Don’t get too excited – Warcraft IV has not been announced. Yet we can bet that at some point, its release will be inevitable. Now that StarCraft II has officially left the room (of Blizzard’s main development office), there must be a bunch of designers twiddling their thumbs and trying everything they can to not get assigned to World of Warcraft. Sure, StarCraft II still has two expansions coming, along with tons of patches, but if we know Blizzard, Warcraft IV is probably at least partly in development. Hell, StarCraft II was probably in some stage of development infancy in tandem with the tail end of Warcraft III.
Above: Ah, Warcraft, you weird, crazy game you. Feeling a bit red-headed and step-childy, now, aren’t you?
A few of us at GamesRadar were seriously hardcore into Warcraft III. It may have never achieved the legendary status of StarCraft, but dammit if it didn’t steal our hearts with its lovely hero-centric, nearly economy-free take on traditional RTS gameplay. Some people weren’t happy with the de-emphasis on macro and the sharper focus on micro, but we loved it to its low-poly bones. We’re not saying it’s better than StarCraft; we’re saying it’s different, and that’s what makes both of them great. We still have some gripes with Warcraft III, though, so here’s what we want to see in the next Warcraft.
No Swiss army knife units
At the competitive level, Warcraft III is a game of many unit options distilled down to just a few powerful combinations. Many of the coolest units on paper are just not practical in competitive play. This isn’t really because they are weak, but rather that there are other options that are just too damn useful in too many situations, with no real counters. Let’s take as an example, the Mountain Giant versus the Druid of the Claw – two Night Elf units designed as heavy-hitting, late game melee units. As tanks, they have relatively high hit points, although the Mountain Giant has considerably more. Sounds like an easy choice then – until you realize the Druid of the Claw is a top-tier melee unit and a healing, support spellcaster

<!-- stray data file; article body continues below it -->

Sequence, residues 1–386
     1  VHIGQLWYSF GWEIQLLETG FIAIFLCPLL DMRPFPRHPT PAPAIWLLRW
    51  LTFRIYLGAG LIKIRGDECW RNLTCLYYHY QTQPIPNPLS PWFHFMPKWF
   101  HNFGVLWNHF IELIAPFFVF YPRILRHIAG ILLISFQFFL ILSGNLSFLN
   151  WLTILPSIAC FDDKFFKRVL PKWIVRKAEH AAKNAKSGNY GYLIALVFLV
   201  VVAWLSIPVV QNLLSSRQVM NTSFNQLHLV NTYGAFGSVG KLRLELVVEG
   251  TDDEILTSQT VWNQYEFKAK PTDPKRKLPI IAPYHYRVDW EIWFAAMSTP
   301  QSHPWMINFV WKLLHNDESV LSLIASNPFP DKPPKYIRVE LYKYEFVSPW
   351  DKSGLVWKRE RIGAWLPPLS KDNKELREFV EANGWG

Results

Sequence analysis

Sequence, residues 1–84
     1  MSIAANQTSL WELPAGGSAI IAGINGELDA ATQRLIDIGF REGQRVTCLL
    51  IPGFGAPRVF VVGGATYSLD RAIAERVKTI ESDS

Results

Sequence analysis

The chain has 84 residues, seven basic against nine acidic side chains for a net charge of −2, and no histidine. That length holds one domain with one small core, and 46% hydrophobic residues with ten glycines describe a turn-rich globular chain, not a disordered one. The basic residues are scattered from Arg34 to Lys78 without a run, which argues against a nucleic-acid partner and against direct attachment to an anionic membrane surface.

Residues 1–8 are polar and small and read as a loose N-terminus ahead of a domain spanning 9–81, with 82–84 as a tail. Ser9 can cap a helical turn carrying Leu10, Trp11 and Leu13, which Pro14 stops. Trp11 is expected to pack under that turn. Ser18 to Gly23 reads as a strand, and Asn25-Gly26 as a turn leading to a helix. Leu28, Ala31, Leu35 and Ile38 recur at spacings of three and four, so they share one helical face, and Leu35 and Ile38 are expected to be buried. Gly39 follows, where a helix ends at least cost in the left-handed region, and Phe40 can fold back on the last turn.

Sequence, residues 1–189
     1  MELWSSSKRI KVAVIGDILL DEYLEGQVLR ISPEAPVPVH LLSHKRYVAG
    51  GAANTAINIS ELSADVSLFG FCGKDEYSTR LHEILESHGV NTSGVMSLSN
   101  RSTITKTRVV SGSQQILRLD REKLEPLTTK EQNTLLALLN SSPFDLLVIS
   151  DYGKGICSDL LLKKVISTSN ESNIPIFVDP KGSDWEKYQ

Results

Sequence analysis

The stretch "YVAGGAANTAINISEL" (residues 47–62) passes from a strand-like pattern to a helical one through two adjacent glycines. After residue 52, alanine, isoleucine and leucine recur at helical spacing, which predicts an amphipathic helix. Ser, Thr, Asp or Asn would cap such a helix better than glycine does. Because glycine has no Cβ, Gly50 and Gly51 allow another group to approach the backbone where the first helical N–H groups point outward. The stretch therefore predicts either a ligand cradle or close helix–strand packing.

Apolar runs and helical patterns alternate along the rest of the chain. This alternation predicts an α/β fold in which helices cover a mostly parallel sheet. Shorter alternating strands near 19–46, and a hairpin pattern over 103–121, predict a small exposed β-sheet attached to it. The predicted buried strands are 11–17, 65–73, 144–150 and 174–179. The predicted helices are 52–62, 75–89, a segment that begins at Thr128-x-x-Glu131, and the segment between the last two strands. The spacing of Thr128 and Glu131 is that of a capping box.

. Wait, what?
Above: The poor, poor Mountain Giant. Look at his sad face. All he wants to do is club enemies into smears with his tree
That’s right: in some cool-ideas gone crazy frenzy, the designers of Warcraft III created certain units that have way too many abilities, leaving more specialized units out in the cold. The Druid of the Claw is a spellcaster that can heal itself and other units for huge amounts of health, can cast an Area of Effect spell that increases damage, and it can transform into a heavy melee unit. Another example is the Raider – an Orc unit that moves fast, takes reduced damage from ranged units, can bring air units to the ground so that melee units can hit them, and has an unlimited ability to stop units and heroes from moving, and this ability can’t be dispelled in any way.
The problem is that Warcraft III went for a system of “soft” counters – hardly any unit has really powerful bonuses against another unit, which is the opposite of how most RTS games work. We want to see diversity of units in Warcraft IV, just like we see them in StarCraft II – when units have proper counters, diversity increases as opponents choose different mixes of armies to counter each other. Some people enjoyed the soft counters of Warcraft III, but apparently they were happy with seeing Night elves build Druids of the Claw and Orcs build Raiders in easily 95% of games.
Massing/rushing as legit strategies